from The Century Dictionary.
- To use or apply; specifically, to administer as a remedy; exhibit medicinally.
- To attach: as, he adhibited his name to the address.
- To take or let in; admit.
from the GNU version of the Collaborative International Dictionary of English.
- transitive verb To admit, as a person or thing; to take in.
- transitive verb To use or apply; to administer.
- transitive verb To attach; to affix.
from Wiktionary, Creative Commons Attribution/Share-Alike License.
- verb To allow in; admit.
- verb To
administer, such as a remedy.
- verb To
Sorry, no etymologies found.
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Peradventure we shall learn something concerning the nostrum she hath ventured, contrary to law and the rules of art, to adhibit to these ladies, through the medium of the steward
The lightest fault is not to adhibit, use, employ, exert that diligence, which a most diligent father of a family exerts.
John Adams diary, June 1753 - April 1754, September 1758 - January 1759
Jupiter mittit; fed adhibit is in Itaque plurimum refert 9 unde eonftlium dm 9 qUos fuperiores uenerint fulmina, et auo con - tt inuolutos uotant.
Panegyrici veteres qvos ex codice ms. librisqve collatis recensvit ae notis integris iisqve partim ad hve ineditis Christiani Gottlibii Schwarzii et excerptis aliorvm additis etiam svis instrvxit et illvstravit Wolfgangvs Iaegervs ..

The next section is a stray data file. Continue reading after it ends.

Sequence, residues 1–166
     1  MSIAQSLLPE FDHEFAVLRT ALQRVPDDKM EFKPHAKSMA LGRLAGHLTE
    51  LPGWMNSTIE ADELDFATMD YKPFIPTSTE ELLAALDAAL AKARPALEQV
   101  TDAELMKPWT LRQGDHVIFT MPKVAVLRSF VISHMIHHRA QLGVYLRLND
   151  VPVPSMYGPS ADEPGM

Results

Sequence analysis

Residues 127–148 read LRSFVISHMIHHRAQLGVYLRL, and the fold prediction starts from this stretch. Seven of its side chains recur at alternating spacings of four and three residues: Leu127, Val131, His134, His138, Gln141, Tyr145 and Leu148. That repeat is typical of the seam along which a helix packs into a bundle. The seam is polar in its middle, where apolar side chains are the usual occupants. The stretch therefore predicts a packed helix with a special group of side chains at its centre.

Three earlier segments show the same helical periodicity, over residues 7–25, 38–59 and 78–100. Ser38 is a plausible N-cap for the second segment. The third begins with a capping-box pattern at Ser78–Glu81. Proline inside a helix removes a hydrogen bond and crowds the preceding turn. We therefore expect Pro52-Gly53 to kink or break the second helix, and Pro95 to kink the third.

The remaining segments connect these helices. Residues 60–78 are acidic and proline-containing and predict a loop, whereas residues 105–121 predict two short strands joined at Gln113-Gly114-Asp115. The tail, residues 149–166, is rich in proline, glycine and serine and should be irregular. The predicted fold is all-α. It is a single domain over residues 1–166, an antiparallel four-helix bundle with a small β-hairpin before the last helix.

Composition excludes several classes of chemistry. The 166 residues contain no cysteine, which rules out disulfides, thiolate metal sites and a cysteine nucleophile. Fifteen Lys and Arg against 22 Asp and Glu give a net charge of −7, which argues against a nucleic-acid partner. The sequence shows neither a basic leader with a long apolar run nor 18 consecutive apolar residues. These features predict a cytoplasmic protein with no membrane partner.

(not without the daily study of conserving his Conscience pure and sound) to adhibit to the Diseases of the Sick, commended to his Cure, such Curations; or Remedies as for restoring Sanity as in which he (from the effect) certainly knows, that a virtue of healing is incited.
a penny in sending to second, third, and fourth readers -- each fresh hand requiring to adhibit a fresh postage label -- might come to a very much more severe tax than the existing stamp.
Chambers's Edinburgh Journal, No. 438 Volume 17, New Series, May 22, 1852
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